by Alan Zeitlin, 6/26/13
Sarah Oren might be the only matchmaker who gets a kick out of setting guys up with dogs. But it’s part of her job. Ever since her family adopted a shelter dog when she was five, she’s been interested in dog adoption. Calling herself the dog matchmaker, she’s helped 40 dogs find homes with those seeking man’s best friend.
“I think dogs are easier to match than people,” she said.
Oren, 26, helped to organize an adoption show in June at 168 Bowery. The event showcased puppies and adult dogs under 40 pounds that will be euthanized if they didn’t find homes.
“With these dogs, it’s very sad because there is nothing wrong with them, it’s just that there’s no space for them in the shelters,” Oren said. “Sometimes the owner loses his job, gets sick or passes away.”
The Park Slope, Brooklyn, resident gets a thrill out of helping people find a suitable dog. She is now married, but when she had a profile on JDate, she wrote that she needed a man who loved dogs.
“It was definitely a pre-requisite,” she said.
Oren, who said she hasn’t heard of any other dog matchmakers, visited the Jerusalem Society For The Prevention of Cruelty To Animals two years ago, and found inspiration.
“It’s an open air-shelter and a really special facility,” she said, adding that there are hundreds of dogs there.”
Oren got her dog Ozzie, a black lab mix, from a shelter in North Carolina. She’s currently filming a web series, “The Dog Matchmaker,” which will follow her as she sets up adoption events and talks with people about what they are looking for in a dog.
Oren designed a questionnaire to assess people’s preferences in a dog. It also assesses the home, including whether there are children and how many hours a day the potential owner is available. Once she makes an assessment, Oren directs potential adopters to shelters or adoption events. Like a human matchmaker who knows a lot of singles, Oren also can recommend individuals dogs who are out there looking for love.
“It’s really a labor of love,” she said. “A lot of people think that if you live in New York City, you can’t have a dog because the apartment is too small or because you don’t have a yard. But often, there is enough space and there are parks nearby. In a room of five people, I’d say there’s a good chance that three of them would be interested in getting a dog but thought it wasn’t a possibility or didn’t know how to go about it.”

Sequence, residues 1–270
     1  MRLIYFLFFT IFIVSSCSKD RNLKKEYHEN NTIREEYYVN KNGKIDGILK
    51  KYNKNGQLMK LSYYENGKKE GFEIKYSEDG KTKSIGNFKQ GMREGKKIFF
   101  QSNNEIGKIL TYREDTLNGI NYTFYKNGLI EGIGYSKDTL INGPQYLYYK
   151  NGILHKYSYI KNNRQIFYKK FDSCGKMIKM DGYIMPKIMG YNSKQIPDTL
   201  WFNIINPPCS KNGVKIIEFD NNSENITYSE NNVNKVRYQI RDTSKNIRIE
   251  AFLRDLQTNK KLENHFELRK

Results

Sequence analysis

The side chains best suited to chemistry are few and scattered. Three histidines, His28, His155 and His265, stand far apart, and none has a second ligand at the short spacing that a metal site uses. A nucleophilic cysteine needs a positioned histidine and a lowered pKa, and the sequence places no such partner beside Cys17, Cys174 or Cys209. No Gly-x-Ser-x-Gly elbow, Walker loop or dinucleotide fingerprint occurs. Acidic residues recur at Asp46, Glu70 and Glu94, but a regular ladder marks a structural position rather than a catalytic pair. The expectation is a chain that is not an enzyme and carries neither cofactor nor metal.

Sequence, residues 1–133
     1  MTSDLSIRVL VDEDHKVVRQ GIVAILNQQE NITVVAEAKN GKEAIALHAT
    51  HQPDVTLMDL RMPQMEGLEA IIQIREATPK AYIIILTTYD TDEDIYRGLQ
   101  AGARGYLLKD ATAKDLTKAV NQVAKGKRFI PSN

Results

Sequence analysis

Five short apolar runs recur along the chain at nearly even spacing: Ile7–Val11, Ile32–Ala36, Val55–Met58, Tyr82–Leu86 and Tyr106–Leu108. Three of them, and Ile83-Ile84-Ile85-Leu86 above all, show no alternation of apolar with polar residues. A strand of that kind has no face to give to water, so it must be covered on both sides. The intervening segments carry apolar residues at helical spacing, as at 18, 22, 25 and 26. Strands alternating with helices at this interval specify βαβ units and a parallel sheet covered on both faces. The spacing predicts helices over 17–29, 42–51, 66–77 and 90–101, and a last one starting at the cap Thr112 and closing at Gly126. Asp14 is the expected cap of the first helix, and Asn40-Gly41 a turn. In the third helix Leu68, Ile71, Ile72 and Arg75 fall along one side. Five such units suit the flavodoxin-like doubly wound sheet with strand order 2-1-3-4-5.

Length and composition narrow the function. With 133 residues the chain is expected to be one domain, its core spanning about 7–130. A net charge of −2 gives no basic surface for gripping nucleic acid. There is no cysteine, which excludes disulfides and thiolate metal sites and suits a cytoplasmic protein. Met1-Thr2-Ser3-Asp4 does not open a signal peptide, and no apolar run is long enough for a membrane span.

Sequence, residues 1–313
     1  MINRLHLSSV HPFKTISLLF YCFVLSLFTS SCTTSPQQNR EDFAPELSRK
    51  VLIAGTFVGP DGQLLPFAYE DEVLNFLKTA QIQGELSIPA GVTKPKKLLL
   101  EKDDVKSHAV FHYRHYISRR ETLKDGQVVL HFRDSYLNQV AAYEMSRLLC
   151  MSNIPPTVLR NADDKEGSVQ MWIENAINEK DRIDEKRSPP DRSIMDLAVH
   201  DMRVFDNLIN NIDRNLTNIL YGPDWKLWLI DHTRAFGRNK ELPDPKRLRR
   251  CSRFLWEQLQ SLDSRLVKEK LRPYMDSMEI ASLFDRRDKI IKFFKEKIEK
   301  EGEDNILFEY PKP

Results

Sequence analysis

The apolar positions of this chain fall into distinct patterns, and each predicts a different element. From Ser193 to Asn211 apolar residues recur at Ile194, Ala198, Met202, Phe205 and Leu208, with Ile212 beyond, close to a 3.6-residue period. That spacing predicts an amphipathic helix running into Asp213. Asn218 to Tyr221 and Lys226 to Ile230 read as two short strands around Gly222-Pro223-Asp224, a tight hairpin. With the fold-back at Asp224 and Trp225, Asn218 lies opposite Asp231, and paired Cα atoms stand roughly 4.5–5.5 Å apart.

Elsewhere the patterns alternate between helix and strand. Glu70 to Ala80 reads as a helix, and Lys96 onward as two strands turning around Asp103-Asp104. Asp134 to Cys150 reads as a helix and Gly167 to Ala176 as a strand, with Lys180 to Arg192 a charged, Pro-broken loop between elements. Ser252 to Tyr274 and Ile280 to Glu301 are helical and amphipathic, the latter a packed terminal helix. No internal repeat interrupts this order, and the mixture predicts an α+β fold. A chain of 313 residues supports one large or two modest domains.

“People need to keep an open mind,” she said. “Sometimes a specific dog might not be available but then it will be available a month later. I have my finger on the pulse on what kind of dogs are available.”
The SUNY Binghamton graduate works with rescue groups and serves as a liaison to shelters that hold events. She charges anywhere between $50 to $200, and the actual adoption can cost anywhere between $80 and $500.
With an increase in the number of available dog-walkers in recent years, many people who hesitated to get dogs because of work schedules are more likely to do so, she says.
Oren has one strict rule. She doesn’t support breeders because it results in dogs being euthanized. That means she’ll only work with people who are looking to adopt a dog as a pet, not for breeding purposes.
She is seeking nonprofit status for her organization, FosterDogs NYC. She also has a master’s degree in elementary education and works as a substitute teacher.
Having a dog is a responsibility but it brings rewards, she stresses. “People don’t realize that having a constant companion can be so easy and so rewarding.”
See Oren’s website at www.thedogmatchmaker.org